The historic grain elevator site of Stonega east of Webster City is still burning.

Not in the spectacular conflagration that greeted the 15 fire departments called to the scene very early Sunday morning.

This is a slow burn, fueled by grain and whipped by the winds that seem to have decided it’s time to blow.

As Sunday turned into Monday, and then Tuesday, Wednesday and Thursday, the fire crept into every cranny it could find, seeming to hide from the breeze that drove it.

Managing this scene has been Blairsburg Fire, whose volunteer 11-person crew rushed to the scene when the fire was first reported and has stayed throughout these long, blustery days.

The Stonega fire is in Blairsburg’s district. It is their task to oversee it.

Rod Harris, chief of Blairsburg Fire, said Thursday that the work has been eased by people and companies who appreciate the work of fewer than a dozen firefighters.

Specifically, Grid Iron Grill & Sports Bar and the west end Casey’s in Webster City have provided free food to sustain the folks on site.

For United Cooperative, of which Stonega is a part, finding a home for some grain was an issue until NEW Cooperative stepped up and offered United the use of its ground pile site at Blairsburg to stage its soybeans, according to Nick Willwerth, United’s general manager.

Willwerth — and this would be a good time to apologize for misspelling his name the other day — says the work of spreading the pile at the still-burning site will continue until the fire is out. Then United will have to screen what remains of the beans that are mixed with the chaos of a burned down wood house elevator.

Apparently, though Willworth has not yet seen this, there is a video somewhere that may show lightning striking the Stonega wood house before it burned early Sunday. He said it’s too early to conclude anything regarding that.

My family’s farm was just up the Stonega blacktop a couple of miles, so Stonega is a part of my history. I remember riding in our pre-1950s pickup truck beside Dad on our way to Stonega when I was maybe 3 or 4.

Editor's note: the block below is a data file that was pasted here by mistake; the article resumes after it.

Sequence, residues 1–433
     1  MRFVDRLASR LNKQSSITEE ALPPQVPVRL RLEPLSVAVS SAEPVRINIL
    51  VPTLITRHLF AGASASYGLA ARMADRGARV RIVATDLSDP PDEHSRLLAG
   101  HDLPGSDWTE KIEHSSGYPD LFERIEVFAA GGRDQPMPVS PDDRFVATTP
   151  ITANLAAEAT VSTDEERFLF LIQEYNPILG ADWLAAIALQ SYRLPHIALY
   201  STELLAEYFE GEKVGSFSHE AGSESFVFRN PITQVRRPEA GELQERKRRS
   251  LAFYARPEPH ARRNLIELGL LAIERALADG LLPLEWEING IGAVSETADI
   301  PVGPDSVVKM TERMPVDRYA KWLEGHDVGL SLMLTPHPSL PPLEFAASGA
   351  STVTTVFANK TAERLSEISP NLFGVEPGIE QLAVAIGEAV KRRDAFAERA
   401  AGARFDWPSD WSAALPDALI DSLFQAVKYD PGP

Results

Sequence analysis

Stonega was on our way to town, if we chose to take the old Highway 20 route. And as much as Mulberry Center Church holds name identification for me growing up, so does Stonega.

Hamilton County Sheriff Doug Timmons told the Hamilton County Board of Supervisors Tuesday that he could see the glow in the sky when he got up to answer the call on Sunday morning.

Timmons lives in Stratford.

We all owe a debt of gratitude to the fire departments and every emergency responder who rose in the middle of the night to fight this fire, or simply did their job well that morning. Timmons pointed to a specific example.

“Hamilton County Sheriff’s Office is lucky to have some of the best dispatchers around,” Timmons said on social media. “This last Sunday morning is a prime example; dispatcher Lydia McGill was our dispatcher on duty when the fire broke out at the United Co-op Stonega location.

“Lydia answered multiple 911 calls reporting the fire. Then single-handedly paged every fire department in Hamilton County. Then contacted three other counties to have several more fire departments respond. A total of 15 fire departments responded.

“While Lydia was doing this, she also called a power company to come to the scene, made arrangements to contact our emergency manager, contacted the railroad to stop train traffic, paged an ambulance to stand by at the fire scene, then ran the radios as departments responded to the scene.”

Someone deserves a raise.

Volunteers won’t get raises, so if you’d like to know how you can help Blairsburg Fire in this instance, you can call Willwerth at United Co-op’s Webster City office. That number is 515-832-6373.

Those of us who receive the benefits of your hard work are grateful. I know I am.

Jane Curtis is interim editor of the Daily Freeman-Journal.


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